Four conservation groups have filed a lawsuit challenging the expansion of the Smoky Canyon phosphate mine into roadless areas of the Caribou-Targhee National Forest in southeast Idaho. The expansion of the mine, which is already listed as a federal Superfund site due to toxic pollution of area waters, will likely create additional pollution in southeast Idaho springs and streams.
Smoky Canyon is a large open-pit phosphate mine stretching for miles in the backcountry on the Idaho/Wyoming border. The mine has been listed as a Superfund site by the federal Environmental Protection Agency due to severe pollution of surrounding waterways and lands with selenium, a mineral that can cause deformities and death when present in excessive quantities in animals. Selenium pollution has killed trout, livestock and untold wildlife since first being documented in southeast Idaho more than two decades ago. Selenium pollution can also be a threat to humans as concentrations increase.
Despite the documented selenium pollution problem and the absence of a clean-up plan for the existing mine, the Bush administration in June authorized expansion of the mine. The federal authorization approves a mine plan that calls for digging up massive amounts of selenium-bearing rock to access the phosphate ore. The groups' lawsuit challenges that authorization, citing violations of environmental laws that protect water quality from contamination by selenium and other pollutants.
"This government decision allows new mining before the mess left by the old mining is cleaned up," said Marv Hoyt, Idaho representative of the Greater Yellowstone Coalition. "Given that the new mining will also cause selenium pollution, this mine expansion will only compound southeast Idaho's selenium pollution problem."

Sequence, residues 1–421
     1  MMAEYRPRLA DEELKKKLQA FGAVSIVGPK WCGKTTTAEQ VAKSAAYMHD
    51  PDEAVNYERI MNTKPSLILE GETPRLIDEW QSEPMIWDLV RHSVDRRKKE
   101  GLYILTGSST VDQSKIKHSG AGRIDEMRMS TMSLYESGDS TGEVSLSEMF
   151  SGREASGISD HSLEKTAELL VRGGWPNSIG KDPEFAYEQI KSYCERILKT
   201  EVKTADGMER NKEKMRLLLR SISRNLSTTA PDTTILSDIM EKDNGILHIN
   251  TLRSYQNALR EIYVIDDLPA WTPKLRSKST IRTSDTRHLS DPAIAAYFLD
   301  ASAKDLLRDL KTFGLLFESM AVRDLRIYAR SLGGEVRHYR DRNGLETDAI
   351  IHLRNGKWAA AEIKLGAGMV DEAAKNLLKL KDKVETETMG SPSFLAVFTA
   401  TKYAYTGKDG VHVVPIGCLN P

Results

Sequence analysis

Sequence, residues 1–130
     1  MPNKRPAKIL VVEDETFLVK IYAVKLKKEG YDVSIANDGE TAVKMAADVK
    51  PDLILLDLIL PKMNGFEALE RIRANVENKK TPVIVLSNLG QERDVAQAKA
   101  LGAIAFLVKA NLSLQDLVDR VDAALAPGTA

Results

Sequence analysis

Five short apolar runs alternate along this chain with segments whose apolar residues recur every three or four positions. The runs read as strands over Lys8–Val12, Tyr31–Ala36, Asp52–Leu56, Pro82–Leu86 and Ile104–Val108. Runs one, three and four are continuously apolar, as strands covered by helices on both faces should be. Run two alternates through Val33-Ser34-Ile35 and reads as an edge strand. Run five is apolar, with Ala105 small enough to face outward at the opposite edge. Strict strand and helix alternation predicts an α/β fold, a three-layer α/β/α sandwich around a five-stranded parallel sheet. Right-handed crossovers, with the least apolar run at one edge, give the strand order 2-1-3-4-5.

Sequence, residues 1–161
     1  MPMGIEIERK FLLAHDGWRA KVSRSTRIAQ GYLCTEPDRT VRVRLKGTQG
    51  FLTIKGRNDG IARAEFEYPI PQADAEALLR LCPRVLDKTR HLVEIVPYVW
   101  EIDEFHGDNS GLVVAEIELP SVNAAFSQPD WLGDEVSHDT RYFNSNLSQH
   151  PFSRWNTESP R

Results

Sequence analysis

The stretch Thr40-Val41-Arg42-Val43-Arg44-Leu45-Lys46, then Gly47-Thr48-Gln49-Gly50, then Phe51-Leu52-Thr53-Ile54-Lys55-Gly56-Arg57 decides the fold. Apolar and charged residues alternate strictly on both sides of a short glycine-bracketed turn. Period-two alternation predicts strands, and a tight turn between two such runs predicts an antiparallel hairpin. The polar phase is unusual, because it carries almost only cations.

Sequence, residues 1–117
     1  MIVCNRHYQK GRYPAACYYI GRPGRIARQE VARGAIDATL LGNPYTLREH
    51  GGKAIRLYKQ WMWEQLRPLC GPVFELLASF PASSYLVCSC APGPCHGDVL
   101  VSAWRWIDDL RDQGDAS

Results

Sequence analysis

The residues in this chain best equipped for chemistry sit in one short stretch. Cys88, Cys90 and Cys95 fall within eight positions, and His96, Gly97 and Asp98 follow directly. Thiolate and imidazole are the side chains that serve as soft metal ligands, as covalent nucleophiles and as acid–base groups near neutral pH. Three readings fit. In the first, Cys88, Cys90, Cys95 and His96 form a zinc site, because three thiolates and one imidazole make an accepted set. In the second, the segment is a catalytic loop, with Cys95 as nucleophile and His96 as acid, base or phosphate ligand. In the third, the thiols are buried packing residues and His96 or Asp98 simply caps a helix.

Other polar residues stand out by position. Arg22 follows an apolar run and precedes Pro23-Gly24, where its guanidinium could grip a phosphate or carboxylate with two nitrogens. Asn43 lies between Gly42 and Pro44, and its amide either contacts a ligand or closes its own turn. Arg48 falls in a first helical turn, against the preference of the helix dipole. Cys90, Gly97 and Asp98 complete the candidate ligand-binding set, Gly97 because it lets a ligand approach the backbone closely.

The expansion of the mine was approved by the Forest Service and the BLM on the assurances of the mine's operator, J.R. Simplot Company, that additional selenium contamination will be effectively contained. Yet even the agencies' own scientists have questioned the science and the proposed practices in the mine plan. Additional reviews by independent experts have raised many new questions and found that the new mine will certainly cause additional selenium contamination to streams and ground water already polluted from past mining.
No Effective Containment
Past mining expansions were also approved based on similar containment assurances by Simplot. Despite these confident industry promises, selenium pollution has increased and spread into surrounding waterways with each new expansion. The industry has not yet produced an effective solution to stop the spread of selenium contamination.
John Hart, a spokesperson for the conservation groups, said, "The mine expansion will increase pollution and harm hunting, fishing, ranching, and recreation. Many people in the area of the mine rely on clean water for their livelihood and way of life. We know these are good people who work at the mine. But mining jobs should not trump the work of others or the economic value of clean water. If Simplot would focus more on the necessary clean up work at Smoky Canyon, there could be new jobs created at the mine."
Impacts on Recreation and Wildlife
The mine expansion would enlarge the footprint of the immense mine into more than 1,100 acres of pristine roadless forests that are now used by hunters, anglers, and hikers. Such roadless areas provide critical habitat for the deer, elk, moose and other wildlife already displaced by decades of heavy mining in the region. These undisturbed roadless areas also provide clean water for the streams, rivers and aquifers of the region. These roadless areas are supposed to be protected from development by the 2001 Roadless Rule. The Bush administration and state of Idaho have been trying to circumvent the letter and spirit of the roadless rule.
"This mining authorization represents a major assault on Idaho's roadless areas by the Bush administration," said Earthjustice attorney Tim Preso. "The administration's claim that they are complying with the Roadless Rule is undercut by the fact that they are betting on changes in the rule in order to implement this decision."
The plaintiffs in the lawsuit are: Greater Yellowstone Coalition, Natural Resources Defense Council, Sierra Club, and Defenders of Wildlife. The conservation groups are represented by the public-interest law firm Earthjustice.
Tim Preso, Earthjustice, (406) 586-9699
John Hart, (208) 522-1048
Marv Hoyt, (208) 522-7927
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